Compounding otic medications is a common practice and is often helpful to get resolution of the perpetuating infectious agents present in the otitis externa. There are many formulations that are currently in vogue and this list is not meant to be a treatise on all the versions but to represent several that have been helpful in routine therapy. Malassezia otitis: there are several products available that are manufactured for this condition but I have found a compounded otic solution to be more precise in the treatment and provide better results. Miconazole nitrate is a very effective antifungal and is available in two products useful in making formulations. Conofite is a 1% solution which may be combined in a 1:1 ratio with a vehicle such as a Burrows solution. Compounding either with a vehicle or other solution in a 1:1 ratio provides a very effective treatment. EpiOtic (Allerderm/Virbac) provides a good base for the combination of either miconazole solutions. The use of CortAstrin (Vedco) adds the additional enhancement of hydrocortisone and Burrow's solution. Some use Conofite directly but limits the volume available to treat with. The treatment of the inside of the pinnae which usually have demonstrable lesions of malassezia and is very important to include. The use of T8 Keto (DVM Pharmaceuticals) has been useful in treating ears with malasezzia with the ketoconazole combined with Tris EDTA. TrizUltra+Keto (DermaPet) contains 0.15% ketoconazole in a Tris EDTA solution and Malacetic Ultra Otic contains ketoconazole, hydrocortisone and malacetic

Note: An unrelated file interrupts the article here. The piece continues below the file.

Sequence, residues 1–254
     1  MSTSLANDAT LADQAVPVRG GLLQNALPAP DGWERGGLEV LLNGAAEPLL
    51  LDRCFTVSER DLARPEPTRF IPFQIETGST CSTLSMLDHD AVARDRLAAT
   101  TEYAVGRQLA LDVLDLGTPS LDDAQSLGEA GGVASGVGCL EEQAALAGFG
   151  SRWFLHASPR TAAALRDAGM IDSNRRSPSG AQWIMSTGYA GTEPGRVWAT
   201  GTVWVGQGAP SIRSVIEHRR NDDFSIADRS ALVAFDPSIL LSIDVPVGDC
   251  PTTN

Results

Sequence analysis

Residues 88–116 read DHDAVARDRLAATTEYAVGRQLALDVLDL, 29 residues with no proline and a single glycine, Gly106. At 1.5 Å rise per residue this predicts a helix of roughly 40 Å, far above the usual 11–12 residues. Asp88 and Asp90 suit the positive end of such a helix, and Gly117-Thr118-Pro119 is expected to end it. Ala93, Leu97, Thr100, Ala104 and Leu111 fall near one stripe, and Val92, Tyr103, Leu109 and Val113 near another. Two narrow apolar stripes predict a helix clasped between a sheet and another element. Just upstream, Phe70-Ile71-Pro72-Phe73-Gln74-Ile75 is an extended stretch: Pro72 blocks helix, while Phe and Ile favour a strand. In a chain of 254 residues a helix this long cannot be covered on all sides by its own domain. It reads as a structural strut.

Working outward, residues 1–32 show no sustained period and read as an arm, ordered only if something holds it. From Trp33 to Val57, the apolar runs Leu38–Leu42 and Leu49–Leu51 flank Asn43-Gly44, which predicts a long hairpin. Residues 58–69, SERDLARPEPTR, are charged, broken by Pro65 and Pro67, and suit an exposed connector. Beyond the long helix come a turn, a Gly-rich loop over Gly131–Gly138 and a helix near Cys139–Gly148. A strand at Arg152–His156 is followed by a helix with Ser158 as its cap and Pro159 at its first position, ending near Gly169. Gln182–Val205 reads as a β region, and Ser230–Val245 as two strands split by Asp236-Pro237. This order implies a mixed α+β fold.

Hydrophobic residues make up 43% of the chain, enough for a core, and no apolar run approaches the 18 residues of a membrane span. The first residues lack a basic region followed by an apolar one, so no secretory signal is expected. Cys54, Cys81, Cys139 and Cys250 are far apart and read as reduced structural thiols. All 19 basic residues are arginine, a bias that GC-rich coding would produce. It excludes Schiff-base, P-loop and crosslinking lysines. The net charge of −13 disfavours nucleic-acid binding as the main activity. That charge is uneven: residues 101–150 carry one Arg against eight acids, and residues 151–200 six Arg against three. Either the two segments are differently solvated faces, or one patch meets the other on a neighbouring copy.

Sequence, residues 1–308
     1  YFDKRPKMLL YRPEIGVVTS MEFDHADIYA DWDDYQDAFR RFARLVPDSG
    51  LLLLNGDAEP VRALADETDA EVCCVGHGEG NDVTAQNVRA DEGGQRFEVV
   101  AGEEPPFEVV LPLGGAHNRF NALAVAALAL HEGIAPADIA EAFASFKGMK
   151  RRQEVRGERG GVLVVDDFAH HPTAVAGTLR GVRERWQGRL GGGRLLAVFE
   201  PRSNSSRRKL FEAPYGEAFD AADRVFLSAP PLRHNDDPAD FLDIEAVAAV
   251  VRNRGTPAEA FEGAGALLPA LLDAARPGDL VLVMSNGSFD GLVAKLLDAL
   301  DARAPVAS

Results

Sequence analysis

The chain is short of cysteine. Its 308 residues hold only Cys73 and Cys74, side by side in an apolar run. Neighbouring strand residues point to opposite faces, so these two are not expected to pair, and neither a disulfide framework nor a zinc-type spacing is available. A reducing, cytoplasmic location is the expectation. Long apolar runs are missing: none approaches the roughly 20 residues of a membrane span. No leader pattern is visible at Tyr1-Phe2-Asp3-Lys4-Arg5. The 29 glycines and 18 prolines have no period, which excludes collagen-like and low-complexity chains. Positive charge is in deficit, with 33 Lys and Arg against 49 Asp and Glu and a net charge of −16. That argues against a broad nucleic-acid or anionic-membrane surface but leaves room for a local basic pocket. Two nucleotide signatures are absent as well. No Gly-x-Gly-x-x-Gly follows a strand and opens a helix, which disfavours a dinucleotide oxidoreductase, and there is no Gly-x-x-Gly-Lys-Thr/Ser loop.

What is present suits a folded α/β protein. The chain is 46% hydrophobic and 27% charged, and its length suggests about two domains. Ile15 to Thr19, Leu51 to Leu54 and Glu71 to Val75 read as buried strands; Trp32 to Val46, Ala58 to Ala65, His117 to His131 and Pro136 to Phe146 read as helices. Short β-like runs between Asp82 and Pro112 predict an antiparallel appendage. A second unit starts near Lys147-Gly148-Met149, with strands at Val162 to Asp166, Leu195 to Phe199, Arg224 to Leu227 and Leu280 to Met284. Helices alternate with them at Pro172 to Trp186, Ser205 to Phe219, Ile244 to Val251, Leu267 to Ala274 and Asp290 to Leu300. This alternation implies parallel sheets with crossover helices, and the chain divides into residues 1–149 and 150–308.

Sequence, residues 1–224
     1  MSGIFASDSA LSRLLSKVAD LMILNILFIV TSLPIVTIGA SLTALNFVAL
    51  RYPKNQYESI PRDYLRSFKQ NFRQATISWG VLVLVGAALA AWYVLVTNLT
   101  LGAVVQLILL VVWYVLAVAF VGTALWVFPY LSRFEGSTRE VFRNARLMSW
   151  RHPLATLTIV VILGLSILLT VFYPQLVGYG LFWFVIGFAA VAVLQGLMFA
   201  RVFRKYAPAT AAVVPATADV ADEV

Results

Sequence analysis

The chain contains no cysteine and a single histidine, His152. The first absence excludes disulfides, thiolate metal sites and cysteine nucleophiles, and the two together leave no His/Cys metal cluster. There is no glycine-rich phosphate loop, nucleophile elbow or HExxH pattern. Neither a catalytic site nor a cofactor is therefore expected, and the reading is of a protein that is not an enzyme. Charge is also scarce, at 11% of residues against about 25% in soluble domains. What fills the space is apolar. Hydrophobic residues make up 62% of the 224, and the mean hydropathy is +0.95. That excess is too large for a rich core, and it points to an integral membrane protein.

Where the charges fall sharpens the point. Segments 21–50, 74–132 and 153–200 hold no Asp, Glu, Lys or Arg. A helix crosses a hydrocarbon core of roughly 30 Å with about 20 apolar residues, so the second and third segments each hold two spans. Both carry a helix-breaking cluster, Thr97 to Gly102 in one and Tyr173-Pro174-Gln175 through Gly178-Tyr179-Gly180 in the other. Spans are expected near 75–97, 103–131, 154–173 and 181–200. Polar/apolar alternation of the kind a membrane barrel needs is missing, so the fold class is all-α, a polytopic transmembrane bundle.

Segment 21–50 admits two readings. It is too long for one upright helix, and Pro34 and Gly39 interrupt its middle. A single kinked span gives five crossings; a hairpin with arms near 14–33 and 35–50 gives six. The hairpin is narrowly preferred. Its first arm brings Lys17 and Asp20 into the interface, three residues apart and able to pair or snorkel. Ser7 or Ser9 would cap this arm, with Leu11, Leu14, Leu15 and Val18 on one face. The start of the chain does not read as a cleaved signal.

Gram Negative bacterial otitis: Fluroquinolones are commonly compounded for this problem usually incorporating injectable enrofloxacin. One simple formulation consists of 6.6 mis of Baytril (22.7 mg/ml) with 23.4 ml of water or propylene glycol to make a .5 % solution. The combination of enrofloxacin and silver sulfadiazine is available in the product Baytril Otic and combines the antimicrobial effectiveness of both agents for treating resistant Gram negative bacteria. Another formulation uses 6.6 mis of Baytril with 24 mis of a 1:1 ration of 1% miconazole nitrate and vehicle. Another formula includes 2 ml of enrofloxacin, 12 ml of an acetic acid/boric acid ear cleanser with 6 mg. of dexamethasone. The use of TrisEDTA is always helpful as a pre-rinse before the administration of antimicrobials to enhance their efficacy when dealing with a gram negative organisms. This product is commercially available and can be purchased from compounding pharmacies in 500 ml or liter quantities. Manufactured products containing Polymyxin B are also useful for treating Pseudomonas infections and other Gram negative organisms. A manufactured product (Cortomycin) contains polymyxin, neomycin and 1% hydrocortisone. Silver sulfadiazine cream may be mixed with a vehicle ranging from a 1:10 dilution to a 1:1 dilution.